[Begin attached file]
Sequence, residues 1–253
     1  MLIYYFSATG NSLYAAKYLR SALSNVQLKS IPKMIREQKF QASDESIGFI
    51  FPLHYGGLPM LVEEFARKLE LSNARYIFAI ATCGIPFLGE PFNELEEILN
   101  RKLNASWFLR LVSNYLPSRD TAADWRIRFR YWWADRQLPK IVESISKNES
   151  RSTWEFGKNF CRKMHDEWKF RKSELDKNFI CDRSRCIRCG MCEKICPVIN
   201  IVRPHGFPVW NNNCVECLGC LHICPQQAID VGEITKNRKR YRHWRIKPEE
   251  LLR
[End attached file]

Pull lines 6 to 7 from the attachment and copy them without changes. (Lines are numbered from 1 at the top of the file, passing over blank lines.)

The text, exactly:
   201  IVRPHGFPVW NNNCVECLGC LHICPQQAID VGEITKNRKR YRHWRIKPEE
   251  LLR